Turnbull scraps new “carbon tax” that could see car prices rise by almost $6000

Just when you thought Malcolm Turnbull could not get any more left-wing, we have now learnt that he has pushed for a Gillard-style proposal that could see the price of cars soar by over $5000. According to information obtained by the Daily Telegraph, the Turnbull government is proposing to implement “emissions penalties to be slapped on car distributors who fail to meet new fuel efficiency targets”.

The program, commencing in 2022, will see an additional surcharge of $100 per every gram carbon per km emitted by cars. According to the Australian Automobile Association, this could mean an extra $5770 for a Hyundai i30, or an extra $3925 on a Toyota Accent.

Due to the resulting political backlash, Turnbull has ruled out the new tax, saying that the paper was “merely a consultation paper designed to hear feedback from industry.”

Car distributors described the new proposal as too “extreme” in comparison to what was proposed during the 18-month consultation carried out by the government. Not only is this extreme, it is also inefficient.

The artificial raising of prices through a sin tax does not achieve anything, and may even end up making things worse. One would expect an apparently anti-Socialist Prime Minister to understand that, yet it looks like he doesn’t.

It is relieving to hear that the Prime Minister has scrapped this new proposal after the backlash from the industry. Yet the problem remains that this “Liberal” Prime Minister is willing to go as far as implementing sin taxes in order to solve climate problems. Does he not market himself as the economically literate alternative to Labor?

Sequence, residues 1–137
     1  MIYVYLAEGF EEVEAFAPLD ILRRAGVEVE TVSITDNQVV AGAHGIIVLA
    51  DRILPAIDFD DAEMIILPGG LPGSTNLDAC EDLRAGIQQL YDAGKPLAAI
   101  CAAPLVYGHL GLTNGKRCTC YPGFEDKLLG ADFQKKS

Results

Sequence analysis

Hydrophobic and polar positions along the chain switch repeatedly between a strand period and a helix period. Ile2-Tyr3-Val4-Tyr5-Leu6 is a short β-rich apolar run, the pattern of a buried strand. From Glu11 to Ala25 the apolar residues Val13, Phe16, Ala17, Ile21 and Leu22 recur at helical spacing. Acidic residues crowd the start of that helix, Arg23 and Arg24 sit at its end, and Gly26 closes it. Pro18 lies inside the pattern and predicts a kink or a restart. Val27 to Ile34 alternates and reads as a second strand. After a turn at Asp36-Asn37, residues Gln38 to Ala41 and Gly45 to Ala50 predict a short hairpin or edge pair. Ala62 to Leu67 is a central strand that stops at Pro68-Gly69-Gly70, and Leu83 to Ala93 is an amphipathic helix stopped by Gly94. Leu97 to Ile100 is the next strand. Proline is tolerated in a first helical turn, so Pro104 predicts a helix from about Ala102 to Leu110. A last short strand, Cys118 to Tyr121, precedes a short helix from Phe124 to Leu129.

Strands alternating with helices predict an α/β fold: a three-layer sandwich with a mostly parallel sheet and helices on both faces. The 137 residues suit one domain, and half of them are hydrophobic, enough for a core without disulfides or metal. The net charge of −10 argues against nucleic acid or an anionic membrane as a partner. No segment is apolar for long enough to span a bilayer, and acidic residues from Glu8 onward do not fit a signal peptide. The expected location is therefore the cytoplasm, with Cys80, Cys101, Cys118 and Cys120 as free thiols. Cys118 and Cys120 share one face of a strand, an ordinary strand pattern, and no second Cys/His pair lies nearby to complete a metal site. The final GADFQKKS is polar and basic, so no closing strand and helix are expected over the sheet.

Of course, this does not come as a surprise to most voters. It was only yesterday that the Prime Minister re-emphasised his plan to have a centrist Liberal Party, rejecting the fact that it was meant to be a conservative party. He went so far as to say that Robert Menzies never intended the party to be conservative, despite the former Prime Minister’s support for the White Australia Policy and the Monarchy.

It is unclear as to what the future holds for this carbon tax. Malcolm Turnbull has stated that he is “still consulting with industry” and has “a long way to go”, which could mean that a similarly audacious proposal is still possible. It is our wish that the Prime Minister would not sink so low as to propose a Gillard-style carbon policy, even though for Malcolm Turnbull, it may be impossible to sink any further.